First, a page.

What John Paul II taught was so wondrously beautiful that it took listeners some time to begin to grasp the significance of it. One of the first was his biographer, George Wiegel. He described the Theology of the Body as “a kind of theological time-bomb set to go off with dramatic consequences… perhaps in the twenty-first century.” I hope he’s right.

It might take a while, but this “boom,” this Christian Revolution of our bodies telling God’s story—of marriage as a permanent, monogamous, heterosexual union—is catching on. The reason is simple. Many, including myself, have found it to be wondrously beautiful.

It’s been suggested by some very great Christians—Dostoyevsky, Solzhenitsyn, John Paul II, Benedict XVI, and (in various ways) countless others—that “Beauty will save the world.” I can think of no more beautiful depiction of the gospel than John Paul II’s Theology of the Body. That’s because this theology starts with why: why do we exist?… why do we have a body?… why permanent, monogamous, heterosexual marriage? … why two genders?… why sex?

Inquiring minds want to know. If you’re one of those, read Christopher West’s Our Bodies Tell God’s Story, a book that makes John Paul II’s Theology of the Body accessible to all of us. Then join the next Christian Revolution, the second time-bomb that holds out the hope of recovering the wondrously beautiful gospel told in our bodies.


[1] Tom Holland: Dominion: How the Christian Revolution Remade the World, (Basic Books, 2019), 98.


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  1. I’d like to say that I wish that “hear hear” was meant literally and not metaphorically. As James points out: the tongue is rather small, but it is what steers the ship: not the weight of the hull or the height of the sails. The ship may very well be beautiful, but its true beauty is in what it does: safely transport souls and safely protect souls from collision and consequent destruction. I’ll soon run out of metaphorical consistency, so let me say “sure,” bodies tell us truths about God and creation. And we shouldn’t hide from those truths. But between couples and between God and a person, more beauty – and more ugliness – comes from the tongue and the heart/mind/soul than what hangs from the bones. “Sex is easier than talking about Sex” could be a bumper sticker that’d sell millions but no one would want to explain it! I know, I’m focusing on “the horizontal” while today’s focus was on “the vertical.” Ahh, but the two go together, I think you’d agree. But then it’s actually more like a triangle. So it’s hear, hear, hear if we’re all listening.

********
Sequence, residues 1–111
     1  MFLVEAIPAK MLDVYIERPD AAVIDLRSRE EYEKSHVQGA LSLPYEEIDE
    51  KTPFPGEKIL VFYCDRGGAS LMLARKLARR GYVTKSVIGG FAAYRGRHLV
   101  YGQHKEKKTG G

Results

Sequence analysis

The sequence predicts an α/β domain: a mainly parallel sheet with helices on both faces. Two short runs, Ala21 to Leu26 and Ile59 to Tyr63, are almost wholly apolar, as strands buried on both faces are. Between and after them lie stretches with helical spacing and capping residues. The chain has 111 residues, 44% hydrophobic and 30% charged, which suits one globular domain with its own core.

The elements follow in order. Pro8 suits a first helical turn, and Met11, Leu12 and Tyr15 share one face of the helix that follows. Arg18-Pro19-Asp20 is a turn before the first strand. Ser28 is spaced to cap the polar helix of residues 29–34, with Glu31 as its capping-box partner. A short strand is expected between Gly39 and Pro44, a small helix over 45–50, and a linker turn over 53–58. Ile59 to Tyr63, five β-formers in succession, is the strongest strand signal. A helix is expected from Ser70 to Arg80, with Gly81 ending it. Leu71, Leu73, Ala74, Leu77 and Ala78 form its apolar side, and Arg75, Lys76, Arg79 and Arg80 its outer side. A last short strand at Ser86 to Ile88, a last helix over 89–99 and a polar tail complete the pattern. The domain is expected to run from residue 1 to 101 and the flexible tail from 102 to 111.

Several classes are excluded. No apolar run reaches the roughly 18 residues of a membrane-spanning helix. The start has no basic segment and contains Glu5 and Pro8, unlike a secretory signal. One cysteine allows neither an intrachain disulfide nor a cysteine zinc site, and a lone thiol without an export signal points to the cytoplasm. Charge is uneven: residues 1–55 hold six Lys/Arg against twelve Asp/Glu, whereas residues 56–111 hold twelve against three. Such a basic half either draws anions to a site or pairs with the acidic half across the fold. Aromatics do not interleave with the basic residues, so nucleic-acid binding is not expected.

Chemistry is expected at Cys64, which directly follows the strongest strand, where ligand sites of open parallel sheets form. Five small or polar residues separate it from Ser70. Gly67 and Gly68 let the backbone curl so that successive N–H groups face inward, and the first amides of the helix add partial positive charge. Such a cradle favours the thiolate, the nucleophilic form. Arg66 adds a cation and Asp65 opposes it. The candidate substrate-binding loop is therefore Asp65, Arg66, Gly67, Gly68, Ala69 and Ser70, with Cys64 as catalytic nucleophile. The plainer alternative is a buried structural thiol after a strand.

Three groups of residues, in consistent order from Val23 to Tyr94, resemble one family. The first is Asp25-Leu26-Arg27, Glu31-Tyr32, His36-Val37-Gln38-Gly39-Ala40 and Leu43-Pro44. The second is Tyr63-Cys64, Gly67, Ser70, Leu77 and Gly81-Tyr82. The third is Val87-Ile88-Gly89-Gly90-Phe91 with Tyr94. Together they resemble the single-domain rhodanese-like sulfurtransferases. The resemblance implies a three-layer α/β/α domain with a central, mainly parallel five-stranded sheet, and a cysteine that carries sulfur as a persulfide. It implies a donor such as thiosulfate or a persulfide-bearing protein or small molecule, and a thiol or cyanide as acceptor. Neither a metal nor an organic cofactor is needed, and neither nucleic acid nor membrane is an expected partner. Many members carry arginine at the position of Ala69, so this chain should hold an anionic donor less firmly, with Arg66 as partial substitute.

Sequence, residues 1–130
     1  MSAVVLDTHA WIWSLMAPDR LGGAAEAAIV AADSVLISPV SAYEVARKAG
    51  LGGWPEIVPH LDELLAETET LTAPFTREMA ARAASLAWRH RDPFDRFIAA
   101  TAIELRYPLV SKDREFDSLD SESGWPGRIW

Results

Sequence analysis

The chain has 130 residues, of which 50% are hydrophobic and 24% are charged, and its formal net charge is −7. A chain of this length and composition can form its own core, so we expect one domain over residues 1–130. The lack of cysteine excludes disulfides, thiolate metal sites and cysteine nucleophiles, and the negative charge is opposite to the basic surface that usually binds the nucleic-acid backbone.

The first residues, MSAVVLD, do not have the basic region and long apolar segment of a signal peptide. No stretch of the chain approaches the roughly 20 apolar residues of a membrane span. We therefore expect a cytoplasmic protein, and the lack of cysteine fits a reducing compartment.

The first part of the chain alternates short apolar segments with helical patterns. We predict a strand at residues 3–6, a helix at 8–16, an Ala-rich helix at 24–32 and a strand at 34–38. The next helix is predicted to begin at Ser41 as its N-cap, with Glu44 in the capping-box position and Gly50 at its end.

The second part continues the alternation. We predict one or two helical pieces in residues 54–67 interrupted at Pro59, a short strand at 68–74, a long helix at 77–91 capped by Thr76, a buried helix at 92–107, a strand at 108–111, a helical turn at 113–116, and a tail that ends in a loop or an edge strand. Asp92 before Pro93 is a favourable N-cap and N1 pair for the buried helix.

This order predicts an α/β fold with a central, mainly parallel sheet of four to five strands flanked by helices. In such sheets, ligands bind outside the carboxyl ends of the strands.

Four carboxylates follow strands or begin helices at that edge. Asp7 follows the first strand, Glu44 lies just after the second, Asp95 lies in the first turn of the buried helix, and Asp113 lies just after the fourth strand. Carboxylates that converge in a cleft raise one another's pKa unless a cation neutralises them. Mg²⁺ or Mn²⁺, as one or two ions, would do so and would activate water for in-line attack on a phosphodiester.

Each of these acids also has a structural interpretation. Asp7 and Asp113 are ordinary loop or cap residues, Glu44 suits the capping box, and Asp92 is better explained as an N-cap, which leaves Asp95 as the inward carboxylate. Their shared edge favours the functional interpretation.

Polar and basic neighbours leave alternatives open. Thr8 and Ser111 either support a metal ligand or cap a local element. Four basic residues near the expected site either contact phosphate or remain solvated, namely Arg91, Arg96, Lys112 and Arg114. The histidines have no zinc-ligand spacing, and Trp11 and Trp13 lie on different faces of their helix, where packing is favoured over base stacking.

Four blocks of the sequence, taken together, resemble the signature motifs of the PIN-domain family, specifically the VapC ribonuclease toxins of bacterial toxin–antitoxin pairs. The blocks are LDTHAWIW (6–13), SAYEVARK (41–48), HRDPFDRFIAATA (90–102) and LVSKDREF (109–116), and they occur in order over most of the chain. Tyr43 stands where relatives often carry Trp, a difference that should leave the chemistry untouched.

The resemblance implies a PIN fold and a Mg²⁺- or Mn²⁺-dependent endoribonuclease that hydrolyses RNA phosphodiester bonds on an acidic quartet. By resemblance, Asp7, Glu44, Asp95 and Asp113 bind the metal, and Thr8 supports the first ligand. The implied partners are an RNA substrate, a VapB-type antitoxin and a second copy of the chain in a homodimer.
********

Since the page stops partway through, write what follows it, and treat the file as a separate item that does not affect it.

1. I will admit tho that I think Mike is pointing out that God Himself speaks to us in our bodily architecture and in its bio-functioning and that is an enormous signaling of His Good Will and His Good Works toward us. His tongue speaks louder than ours ever could.